Slang word for Magazine.
The Definition of Mag
Slang word for Magazine.
19 Other Firearms Definitions You Need To Know
A rear barrel sight base, more articulated than having the sight simply dovetailed into the barrel, but not requiring as much gunsmithing as having it mounted onto a proper quarter-rib.
A craftsman's signature stamp, discretely placed to identify his work.
A type rimfire rifle cartridge developed by the ammunition company Hornady. .17 Hornady Magnum Rimfire (4.5×27mmR), commonly known as the .17 HMR, was developed in 2002. It descended from the .22 Magnum by necking down the .22 Magnum case to take a .17 caliber (4.5 mm) bullet.
The part of a revolver that holds cartridges in separate chambers radially around a central hingepin. The cylinder revolves as the handgun is cocked, , either to the left or to the right depending on the gun maker's design, bringing each successive cartridge into position, and locked into alignment with the barrel for firing.
Front sight hood. A hollow cylinder fitted to a rifle's front sight ramp, both to protect the delicate front sight bead from impact, and to shade it from oblique sunlight which could have the effect of altering the sight's apparent position.
An imaginary straight line from the eye through the sights of a firearm to the target.
A small lever mounted to the cocking piece of a Mauser 98 action (and its copies such as the Springfield 1903), rotating on a longitudinal axis from left (Fire), up to the top (Safe, but allowing bolt movement), and over to the right (Bolt and firing pin locked Safe). While commendable for locking the firing pin instead of just the trigger, its up-and-over arc of operation requires a scope to be mounted awkwardly high. Paul Mauser is not to be blamed; when his safety was developed, telescopic sights were in such infancy as not to be worthy of mainstream consideration.
The frequency at which a firearm can fire its projectiles.
The forward portion of a bottlenecked cartridge case. Also the portion of a rifle chamber in which the neck of the cartridge case rests.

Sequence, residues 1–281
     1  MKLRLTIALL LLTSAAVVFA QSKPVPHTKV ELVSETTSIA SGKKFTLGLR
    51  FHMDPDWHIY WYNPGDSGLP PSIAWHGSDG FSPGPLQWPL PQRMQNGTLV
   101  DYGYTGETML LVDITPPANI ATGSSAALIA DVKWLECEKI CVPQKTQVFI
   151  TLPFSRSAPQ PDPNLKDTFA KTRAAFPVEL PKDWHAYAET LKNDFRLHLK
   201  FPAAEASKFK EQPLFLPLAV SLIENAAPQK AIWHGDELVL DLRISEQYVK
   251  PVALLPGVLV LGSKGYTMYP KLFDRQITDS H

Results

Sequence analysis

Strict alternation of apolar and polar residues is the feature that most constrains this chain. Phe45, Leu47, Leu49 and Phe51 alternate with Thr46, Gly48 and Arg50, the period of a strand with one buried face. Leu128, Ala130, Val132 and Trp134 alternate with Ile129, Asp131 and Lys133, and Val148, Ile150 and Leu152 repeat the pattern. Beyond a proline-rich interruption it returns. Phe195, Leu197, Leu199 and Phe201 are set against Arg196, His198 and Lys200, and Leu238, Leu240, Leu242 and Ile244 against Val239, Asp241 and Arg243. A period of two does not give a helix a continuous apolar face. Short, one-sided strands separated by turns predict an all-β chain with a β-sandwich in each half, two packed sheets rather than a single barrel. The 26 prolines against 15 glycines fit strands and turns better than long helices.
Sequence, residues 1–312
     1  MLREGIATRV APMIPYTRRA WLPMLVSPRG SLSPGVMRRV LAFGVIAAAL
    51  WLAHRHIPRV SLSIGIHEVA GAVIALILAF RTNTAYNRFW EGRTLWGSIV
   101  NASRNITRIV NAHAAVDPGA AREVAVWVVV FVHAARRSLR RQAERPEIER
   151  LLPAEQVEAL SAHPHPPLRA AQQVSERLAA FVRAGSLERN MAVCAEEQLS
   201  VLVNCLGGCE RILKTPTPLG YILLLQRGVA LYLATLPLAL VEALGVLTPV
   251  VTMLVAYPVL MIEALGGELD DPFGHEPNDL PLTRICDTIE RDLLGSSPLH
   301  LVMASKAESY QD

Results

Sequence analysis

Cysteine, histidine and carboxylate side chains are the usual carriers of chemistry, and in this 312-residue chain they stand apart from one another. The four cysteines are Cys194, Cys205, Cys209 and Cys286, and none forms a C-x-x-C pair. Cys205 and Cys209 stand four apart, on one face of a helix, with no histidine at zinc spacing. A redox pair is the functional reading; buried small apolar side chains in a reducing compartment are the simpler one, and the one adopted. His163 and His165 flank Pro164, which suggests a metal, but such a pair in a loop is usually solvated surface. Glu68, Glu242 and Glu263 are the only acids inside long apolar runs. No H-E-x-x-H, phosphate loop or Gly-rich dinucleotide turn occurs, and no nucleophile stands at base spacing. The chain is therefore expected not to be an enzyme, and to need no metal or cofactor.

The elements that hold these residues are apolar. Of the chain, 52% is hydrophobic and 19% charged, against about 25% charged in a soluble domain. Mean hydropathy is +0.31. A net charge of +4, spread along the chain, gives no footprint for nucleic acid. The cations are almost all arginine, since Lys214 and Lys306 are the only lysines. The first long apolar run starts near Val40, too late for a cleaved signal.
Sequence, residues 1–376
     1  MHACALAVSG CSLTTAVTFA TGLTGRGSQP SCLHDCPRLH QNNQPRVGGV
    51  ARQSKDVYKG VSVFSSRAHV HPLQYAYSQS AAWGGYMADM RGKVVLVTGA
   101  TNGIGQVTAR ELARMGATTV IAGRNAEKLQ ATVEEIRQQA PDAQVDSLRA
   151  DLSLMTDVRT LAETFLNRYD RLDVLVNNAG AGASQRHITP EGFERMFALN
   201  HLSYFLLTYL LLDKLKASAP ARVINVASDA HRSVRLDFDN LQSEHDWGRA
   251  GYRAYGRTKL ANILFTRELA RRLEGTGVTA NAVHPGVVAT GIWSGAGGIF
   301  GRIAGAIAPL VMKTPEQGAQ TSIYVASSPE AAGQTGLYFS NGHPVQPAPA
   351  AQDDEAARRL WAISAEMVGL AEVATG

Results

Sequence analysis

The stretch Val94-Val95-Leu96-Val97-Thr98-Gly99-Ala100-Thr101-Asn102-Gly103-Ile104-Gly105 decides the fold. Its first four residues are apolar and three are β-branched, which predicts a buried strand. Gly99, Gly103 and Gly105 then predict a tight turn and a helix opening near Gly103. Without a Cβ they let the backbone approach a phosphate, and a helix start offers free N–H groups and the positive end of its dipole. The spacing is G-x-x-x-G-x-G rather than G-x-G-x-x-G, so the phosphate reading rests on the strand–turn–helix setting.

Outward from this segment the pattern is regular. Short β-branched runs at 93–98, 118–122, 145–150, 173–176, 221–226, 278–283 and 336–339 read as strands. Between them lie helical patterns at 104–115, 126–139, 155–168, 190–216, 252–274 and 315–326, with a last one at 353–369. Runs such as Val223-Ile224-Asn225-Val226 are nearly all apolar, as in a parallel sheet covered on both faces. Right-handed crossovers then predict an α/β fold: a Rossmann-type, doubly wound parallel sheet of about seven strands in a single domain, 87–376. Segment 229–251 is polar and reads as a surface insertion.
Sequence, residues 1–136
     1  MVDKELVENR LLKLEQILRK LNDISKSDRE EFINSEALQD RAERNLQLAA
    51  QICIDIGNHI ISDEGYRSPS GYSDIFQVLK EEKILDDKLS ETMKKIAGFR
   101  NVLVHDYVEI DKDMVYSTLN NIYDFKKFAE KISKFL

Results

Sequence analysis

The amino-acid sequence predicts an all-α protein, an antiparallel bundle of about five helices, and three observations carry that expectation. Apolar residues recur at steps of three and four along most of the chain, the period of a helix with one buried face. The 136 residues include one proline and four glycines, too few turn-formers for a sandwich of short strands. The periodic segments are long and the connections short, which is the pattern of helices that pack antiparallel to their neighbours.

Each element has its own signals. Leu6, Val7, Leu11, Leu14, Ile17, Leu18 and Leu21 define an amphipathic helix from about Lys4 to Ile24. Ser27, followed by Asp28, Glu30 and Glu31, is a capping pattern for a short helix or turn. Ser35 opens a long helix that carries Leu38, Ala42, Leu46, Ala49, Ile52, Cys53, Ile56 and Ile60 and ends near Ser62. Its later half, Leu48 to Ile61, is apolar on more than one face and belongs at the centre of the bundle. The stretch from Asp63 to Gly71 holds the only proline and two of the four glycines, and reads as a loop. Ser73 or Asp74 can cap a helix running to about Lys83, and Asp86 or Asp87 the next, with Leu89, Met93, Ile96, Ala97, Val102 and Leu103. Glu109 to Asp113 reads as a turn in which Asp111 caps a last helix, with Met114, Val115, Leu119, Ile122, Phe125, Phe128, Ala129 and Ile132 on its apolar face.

A higher quality item used to increase accuracy, generally used for competition in a match. Match grade ammo and barrels are the most common improvements made to a firearm to improve accuracy for competition.
A slang term for a shotgun.
A firearm that is only capable of holding one shot at a time. Each round must be loaded into the chamber manually by hand before each shot.
A smooth bore long gun that shoots a group of pellets called shot instead of bullets. Depending on the bore size and the size of the pellets there may be from less than 10 to two hundred or more pellets in a single shotgun cartridge. Shotguns are designed for shooting moving targets (such as flying birds or running rabbits) at close range.
Can also be spelled Over/Under, OverUnder or Over and Under. A firearm (most commonly a shotgun) with two barrels that are vertically aligned with each other, one on top of the other.
Commonly shortened to mag pouch, this is a device to hold extra magazines which fastens to the shooter's belt.
Synonymous with pistol. A small, short-barreled firearm designed to be fired while held in one or both hands, possibly small enough to be concealed on the person, rather than while braced against the shoulder. The term includes antique dueling pistols, modern single-shot, semi-automatic pistols and revolvers.
A firearm that automatically loads the next cartridge to be fired into the chamber either upon the pull of the trigger in an open bolt design or upon the firing of the previous round in a close bolt design.
The distance between the rear sight and the front sight. As a longer lever provides greater mechanical advantage, the greater the distance between the two sights, the more inherently accurate they will be.
A condition on a shooting range that is completely safe. Any firearms at the range are on the benches, unloaded with open actions and all people have stepped away from the firing line.
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